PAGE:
The organization that runs most of the state’s power grid is asking people to conserve energy for the next two days.
The Energy Reliability Council of Texas expects there to be extra demand for power on Thursday and Friday. It’s asking customers and businesses to conserve especially between 2 and 7 p.m.
"ERCOT’s job is to ensure power is available all over Texas," said ERCOT President and CEO Bill Magness. "When electricity demand and heat reach levels like we expect on Thursday and Friday, we ask Texans to consider taking a few steps to help keep power flowing for all of us."
“We're anticipating tight energy conditions this afternoon and tomorrow afternoon, primarily due to the extreme heat we're seeing across the ERCOT region, especially in the major urban load centers of Dallas, Houston, Austin, and San Antonio,” explained ERCOT spokesperson Leslie Sopko.
ERCOT previously sent out an Energy Emergency Alert in August for the first time in five and a half years. Now less than a month later, there is a Conservation Alert for Texans to limit their electricity use.
According to ERCOT, Texans set a new daily record for energy use in September on Tuesday.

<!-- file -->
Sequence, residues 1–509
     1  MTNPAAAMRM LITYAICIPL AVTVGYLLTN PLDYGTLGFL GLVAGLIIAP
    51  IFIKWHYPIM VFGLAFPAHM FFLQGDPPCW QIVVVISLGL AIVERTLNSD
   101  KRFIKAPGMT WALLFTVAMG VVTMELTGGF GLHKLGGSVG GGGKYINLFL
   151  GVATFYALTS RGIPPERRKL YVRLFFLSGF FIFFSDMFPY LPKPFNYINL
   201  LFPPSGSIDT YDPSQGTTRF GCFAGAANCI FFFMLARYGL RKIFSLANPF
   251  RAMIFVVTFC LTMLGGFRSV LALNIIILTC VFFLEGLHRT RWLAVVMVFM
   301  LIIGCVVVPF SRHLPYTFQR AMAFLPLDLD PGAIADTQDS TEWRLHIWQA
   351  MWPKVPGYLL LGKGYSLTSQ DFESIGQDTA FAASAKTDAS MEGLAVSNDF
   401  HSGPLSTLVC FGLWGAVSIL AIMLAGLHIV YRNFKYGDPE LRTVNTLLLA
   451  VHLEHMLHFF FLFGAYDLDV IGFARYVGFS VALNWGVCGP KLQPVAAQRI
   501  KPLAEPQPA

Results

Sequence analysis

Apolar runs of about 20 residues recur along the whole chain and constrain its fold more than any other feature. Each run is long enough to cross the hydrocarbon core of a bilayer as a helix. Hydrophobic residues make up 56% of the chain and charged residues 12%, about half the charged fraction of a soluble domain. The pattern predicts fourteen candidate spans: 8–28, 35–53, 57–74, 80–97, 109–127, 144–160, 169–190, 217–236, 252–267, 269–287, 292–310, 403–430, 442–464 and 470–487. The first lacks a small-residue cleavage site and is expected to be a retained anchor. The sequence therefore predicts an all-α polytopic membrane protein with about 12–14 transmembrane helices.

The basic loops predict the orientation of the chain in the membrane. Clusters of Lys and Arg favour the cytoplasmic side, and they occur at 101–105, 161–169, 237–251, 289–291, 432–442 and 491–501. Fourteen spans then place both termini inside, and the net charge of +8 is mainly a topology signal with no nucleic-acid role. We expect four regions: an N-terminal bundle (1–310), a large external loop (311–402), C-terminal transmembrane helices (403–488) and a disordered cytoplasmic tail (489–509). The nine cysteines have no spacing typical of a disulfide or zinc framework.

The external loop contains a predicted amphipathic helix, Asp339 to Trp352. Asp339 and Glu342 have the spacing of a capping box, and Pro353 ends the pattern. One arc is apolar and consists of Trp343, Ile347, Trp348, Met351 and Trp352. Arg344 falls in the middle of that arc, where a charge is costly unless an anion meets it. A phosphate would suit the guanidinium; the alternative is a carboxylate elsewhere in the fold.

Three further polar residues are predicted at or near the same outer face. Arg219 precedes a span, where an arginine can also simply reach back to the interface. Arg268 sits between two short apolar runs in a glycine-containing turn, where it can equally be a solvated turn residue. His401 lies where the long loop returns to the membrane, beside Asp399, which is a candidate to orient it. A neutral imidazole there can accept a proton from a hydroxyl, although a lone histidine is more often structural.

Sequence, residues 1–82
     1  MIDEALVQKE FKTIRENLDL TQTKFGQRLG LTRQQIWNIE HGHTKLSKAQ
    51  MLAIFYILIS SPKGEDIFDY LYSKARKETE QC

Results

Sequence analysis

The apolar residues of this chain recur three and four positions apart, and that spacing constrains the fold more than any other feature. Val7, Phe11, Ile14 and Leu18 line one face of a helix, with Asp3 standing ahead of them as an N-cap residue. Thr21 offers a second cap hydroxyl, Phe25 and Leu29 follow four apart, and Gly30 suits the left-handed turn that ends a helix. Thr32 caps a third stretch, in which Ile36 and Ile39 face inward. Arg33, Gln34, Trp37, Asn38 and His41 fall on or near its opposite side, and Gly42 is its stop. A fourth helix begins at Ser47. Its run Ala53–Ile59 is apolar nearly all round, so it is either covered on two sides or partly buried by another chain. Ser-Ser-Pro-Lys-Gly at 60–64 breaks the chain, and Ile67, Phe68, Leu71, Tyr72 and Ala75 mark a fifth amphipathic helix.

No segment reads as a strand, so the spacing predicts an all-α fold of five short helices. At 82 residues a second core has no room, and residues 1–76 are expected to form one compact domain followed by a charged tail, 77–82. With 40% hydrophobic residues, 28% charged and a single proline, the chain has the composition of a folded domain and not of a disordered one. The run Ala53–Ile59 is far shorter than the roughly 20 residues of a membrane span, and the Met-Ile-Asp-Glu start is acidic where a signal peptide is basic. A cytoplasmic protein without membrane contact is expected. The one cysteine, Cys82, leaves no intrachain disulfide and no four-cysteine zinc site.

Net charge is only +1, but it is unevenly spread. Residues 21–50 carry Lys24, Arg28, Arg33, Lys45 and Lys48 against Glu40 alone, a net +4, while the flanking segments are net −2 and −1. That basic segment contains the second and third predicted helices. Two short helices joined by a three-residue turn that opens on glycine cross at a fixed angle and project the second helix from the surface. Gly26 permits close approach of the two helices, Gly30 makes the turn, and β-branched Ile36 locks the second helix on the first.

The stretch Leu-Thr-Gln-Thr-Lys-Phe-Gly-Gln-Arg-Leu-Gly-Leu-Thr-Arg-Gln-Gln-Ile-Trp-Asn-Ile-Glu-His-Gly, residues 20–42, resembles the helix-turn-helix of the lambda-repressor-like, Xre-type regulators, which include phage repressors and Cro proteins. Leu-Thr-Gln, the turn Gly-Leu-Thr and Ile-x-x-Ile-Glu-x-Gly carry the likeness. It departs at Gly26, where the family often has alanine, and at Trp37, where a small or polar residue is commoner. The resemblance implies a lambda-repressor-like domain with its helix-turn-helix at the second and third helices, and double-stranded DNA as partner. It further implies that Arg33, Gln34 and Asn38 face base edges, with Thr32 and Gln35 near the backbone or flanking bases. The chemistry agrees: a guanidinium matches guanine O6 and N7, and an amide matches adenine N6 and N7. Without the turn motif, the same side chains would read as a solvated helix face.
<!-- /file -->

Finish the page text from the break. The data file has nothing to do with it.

Energy experts say doing simple things like setting your thermostat up by a few degrees, closing blinds, turning out the lights when you're not using them and waiting until off-peak hours to use large appliances and electronics can help.
“Not using your pool pumps, your washer, your dryer, your dishwasher through 2-7pm can make a big difference,” said Kerri Dunn, ONCOR’s senior communications advisor. “And make sure you not only turn off but unplug appliances you aren't using.”
But energy companies are prepared in case the grid does become stressed.
“We have several tools and procedures in place to help us maintain system reliability,” Sopko said. “And if we need to go into our emergency procedures, basically what that does is it allows us to take advantage of additional resources that are only available to us when we're in emergency conditions.”
They're hoping with everyone's help that it doesn't come to that.
“If everyone can just work together and do their little bit for a few hours just 2-7pm, the small steps all working together can make a big difference in making sure we have more than enough energy supply than we need,” Dunn said.
Some conservation suggestions include turning up the thermostat in the evenings and when no one is home, limiting the use of large appliances like a washer and dryer, using a slow cooker instead of an oven, closing the drapes and blinds in the afternoons and setting pool pumps to run in the morning or overnight.